Additionally, as most of us are aware, it’s important to be extremely mindful of potential side effects (drowsiness, nausea, etc.) and the risk of dependency associated with long-term medication use, as well as the risk of overdose if not used properly. Many medications, including opioids and muscle relaxants, carry with them a risk of developing a substance use disorder that can be very difficult to break.

Another potential risk is that once you’re through with your prescription, you’ll need to dispose of it properly. Josh Azevedo, the owner of one of the premiere teen substance abuse programs in Arizona and California, noted that a significant portion of the teens his substance abuse staff works with got their start by taking unused pain pills from a family member’s cabinet.

We’ve written elsewhere on the site about the Centers for Disease Control (CDC) recommendations on physical therapy vs opioid treatments, if you would like to read up on a potential solution to the opioid epidemic.

The long-term benefits of physical therapy

Physical therapy, on the other hand, takes a holistic approach to pain management by addressing the underlying causes of discomfort. Additionally, the cost of physical therapy is typically lower overall.

Through tailored exercises, stretches, and therapeutic interventions, physical therapists aim to restore mobility and correct imbalances. Physical therapy, over time, serves to improve the overall the functionality of the musculoskeletal systems, connective tissues, and related joints.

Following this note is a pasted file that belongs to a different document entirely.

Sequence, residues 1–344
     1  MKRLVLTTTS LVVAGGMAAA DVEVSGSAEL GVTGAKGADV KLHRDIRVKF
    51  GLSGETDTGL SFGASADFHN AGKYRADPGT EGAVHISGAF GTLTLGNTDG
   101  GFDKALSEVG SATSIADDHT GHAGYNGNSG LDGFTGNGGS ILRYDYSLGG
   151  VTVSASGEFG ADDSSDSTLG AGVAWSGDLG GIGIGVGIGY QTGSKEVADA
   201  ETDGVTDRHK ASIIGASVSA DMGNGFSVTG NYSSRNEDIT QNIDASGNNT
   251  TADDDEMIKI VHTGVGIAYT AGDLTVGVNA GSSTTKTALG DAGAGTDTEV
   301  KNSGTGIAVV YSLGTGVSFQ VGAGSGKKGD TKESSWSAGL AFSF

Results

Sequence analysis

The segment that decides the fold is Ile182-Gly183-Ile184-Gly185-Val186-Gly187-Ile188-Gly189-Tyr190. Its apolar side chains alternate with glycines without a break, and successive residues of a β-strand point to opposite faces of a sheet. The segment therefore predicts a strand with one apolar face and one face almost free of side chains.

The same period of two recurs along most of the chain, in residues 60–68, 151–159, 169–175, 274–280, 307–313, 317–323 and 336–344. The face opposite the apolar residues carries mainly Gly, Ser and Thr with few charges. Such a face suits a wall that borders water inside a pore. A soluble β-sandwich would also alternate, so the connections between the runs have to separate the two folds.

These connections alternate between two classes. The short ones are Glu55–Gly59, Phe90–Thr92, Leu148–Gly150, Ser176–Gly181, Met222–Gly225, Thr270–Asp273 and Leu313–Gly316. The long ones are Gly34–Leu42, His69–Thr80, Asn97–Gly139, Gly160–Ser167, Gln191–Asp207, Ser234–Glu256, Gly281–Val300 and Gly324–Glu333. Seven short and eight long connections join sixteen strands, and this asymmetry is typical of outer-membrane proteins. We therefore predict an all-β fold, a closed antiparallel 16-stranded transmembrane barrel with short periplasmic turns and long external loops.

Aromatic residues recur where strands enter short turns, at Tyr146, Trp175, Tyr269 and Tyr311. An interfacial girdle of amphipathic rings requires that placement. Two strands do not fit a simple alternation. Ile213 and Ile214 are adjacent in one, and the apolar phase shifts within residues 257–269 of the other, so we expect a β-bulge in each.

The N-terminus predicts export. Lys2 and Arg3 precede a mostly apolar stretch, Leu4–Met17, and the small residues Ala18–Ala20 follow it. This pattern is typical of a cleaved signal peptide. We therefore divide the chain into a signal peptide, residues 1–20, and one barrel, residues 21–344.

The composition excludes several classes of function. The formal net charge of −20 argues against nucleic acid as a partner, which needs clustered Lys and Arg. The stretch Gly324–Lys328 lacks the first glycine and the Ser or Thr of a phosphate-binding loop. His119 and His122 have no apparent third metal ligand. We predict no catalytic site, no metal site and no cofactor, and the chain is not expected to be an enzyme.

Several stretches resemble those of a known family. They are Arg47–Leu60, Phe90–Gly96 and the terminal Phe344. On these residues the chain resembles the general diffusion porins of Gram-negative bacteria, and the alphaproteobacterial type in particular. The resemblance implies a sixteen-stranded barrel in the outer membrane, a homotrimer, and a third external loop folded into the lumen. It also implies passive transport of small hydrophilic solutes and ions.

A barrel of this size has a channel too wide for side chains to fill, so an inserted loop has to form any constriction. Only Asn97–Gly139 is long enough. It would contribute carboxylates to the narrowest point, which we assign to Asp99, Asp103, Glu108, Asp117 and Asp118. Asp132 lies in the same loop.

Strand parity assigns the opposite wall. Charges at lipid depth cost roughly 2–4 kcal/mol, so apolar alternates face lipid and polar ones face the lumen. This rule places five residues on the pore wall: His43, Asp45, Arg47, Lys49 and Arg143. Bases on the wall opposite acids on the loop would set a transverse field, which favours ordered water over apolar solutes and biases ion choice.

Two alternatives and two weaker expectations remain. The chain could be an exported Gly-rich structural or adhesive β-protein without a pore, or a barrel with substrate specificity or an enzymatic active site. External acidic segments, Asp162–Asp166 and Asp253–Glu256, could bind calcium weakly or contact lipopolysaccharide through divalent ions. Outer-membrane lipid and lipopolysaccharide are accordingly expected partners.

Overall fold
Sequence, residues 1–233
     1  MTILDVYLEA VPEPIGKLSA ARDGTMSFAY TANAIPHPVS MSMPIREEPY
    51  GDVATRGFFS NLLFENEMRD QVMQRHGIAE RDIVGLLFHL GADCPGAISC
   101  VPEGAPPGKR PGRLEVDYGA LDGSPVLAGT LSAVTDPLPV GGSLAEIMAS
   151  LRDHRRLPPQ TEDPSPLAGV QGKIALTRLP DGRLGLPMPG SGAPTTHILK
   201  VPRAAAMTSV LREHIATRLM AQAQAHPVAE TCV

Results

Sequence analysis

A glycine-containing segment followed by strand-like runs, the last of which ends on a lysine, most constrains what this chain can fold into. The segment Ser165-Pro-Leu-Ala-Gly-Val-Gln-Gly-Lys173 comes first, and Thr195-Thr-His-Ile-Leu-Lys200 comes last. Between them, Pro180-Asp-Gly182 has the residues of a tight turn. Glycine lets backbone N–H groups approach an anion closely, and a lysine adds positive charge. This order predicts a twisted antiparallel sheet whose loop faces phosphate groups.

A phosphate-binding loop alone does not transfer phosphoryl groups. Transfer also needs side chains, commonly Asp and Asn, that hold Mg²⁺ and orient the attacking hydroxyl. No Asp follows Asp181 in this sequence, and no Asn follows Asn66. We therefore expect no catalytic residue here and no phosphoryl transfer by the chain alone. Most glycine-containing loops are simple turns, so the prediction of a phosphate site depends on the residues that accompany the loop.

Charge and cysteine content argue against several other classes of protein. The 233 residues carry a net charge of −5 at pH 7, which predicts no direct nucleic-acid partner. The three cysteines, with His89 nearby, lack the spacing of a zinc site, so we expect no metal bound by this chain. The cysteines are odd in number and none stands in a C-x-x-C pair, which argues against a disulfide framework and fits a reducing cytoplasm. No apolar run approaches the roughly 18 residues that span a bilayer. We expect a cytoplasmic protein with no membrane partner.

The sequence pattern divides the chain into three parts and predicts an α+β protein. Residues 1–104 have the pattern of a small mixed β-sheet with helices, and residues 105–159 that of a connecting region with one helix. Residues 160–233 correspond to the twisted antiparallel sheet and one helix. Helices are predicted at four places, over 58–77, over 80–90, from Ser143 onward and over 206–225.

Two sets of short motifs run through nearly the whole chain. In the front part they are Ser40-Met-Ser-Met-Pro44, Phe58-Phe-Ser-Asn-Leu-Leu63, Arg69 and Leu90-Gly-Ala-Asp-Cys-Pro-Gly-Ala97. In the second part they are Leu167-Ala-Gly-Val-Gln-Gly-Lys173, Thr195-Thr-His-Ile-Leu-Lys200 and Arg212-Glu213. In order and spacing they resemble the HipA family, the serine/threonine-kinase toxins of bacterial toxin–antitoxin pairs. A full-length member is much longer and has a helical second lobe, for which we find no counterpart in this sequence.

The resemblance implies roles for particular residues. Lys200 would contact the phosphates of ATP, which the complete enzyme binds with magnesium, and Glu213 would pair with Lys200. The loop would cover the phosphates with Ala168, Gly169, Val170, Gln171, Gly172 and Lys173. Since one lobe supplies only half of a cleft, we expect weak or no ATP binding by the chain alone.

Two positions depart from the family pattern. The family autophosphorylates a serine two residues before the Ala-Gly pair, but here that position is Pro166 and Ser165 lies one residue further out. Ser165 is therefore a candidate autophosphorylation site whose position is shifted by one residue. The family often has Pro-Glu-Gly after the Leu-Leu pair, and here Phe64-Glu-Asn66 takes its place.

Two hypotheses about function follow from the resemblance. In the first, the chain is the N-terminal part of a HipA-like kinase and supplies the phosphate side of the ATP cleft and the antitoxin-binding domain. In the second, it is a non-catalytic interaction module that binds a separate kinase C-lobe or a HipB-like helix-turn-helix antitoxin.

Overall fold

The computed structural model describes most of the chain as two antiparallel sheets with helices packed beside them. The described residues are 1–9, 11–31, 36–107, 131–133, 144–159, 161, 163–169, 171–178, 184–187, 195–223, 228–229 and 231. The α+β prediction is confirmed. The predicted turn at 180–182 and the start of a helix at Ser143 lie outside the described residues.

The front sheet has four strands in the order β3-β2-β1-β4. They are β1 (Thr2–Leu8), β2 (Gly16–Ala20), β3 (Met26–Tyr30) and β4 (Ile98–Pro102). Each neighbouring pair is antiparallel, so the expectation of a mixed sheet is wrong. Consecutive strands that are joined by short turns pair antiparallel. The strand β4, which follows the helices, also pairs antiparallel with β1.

Physical therapy focuses on empowering individuals to actively participate in their healing process. By incorporating strength-building exercises and targeted movements, patients can build resilience, reducing the likelihood of recurring pain episodes.

The downsides of physical therapy

Though we tend to favor holistic approaches to pain management, there are some downsides to the physical therapy route. Most notably, physical therapy requires a commitment from the patient to schedule and keep appointments and complete a daily home exercise program, often for 2-3 months in a row.

Physical therapy works extremely well for patients who demonstrate high levels of adherence to their treatment plan, and patients who struggle with this often say that physical therapy doesn’t work for them.

Making an informed decision

Ultimately, the choice between physical therapy and pain medication depends on various factors, including the type and severity of the pain, the specific condition being treated, other individual health conditions, and personal preferences.

In many cases, a combination of both approaches can be the most effective strategy, providing immediate relief while addressing the root causes of pain through physical therapy.

Conclusion

Though medication can be extremely useful in a therapeutic process for a patient who is unable to perform restorative exercises or daily life tasks without pain, it’s likely more cost-effective and efficient in the long run to seek physical therapy if possible.

Unlike the temporary relief offered by pain medications, the benefits of physical therapy are enduring, and the knowledge you gain by performing exercises at home can stay with you for a lifetime. By promoting lifestyle changes and self-management techniques, physical therapy equips individuals with the tools to maintain a healthier, pain-free life in the long run.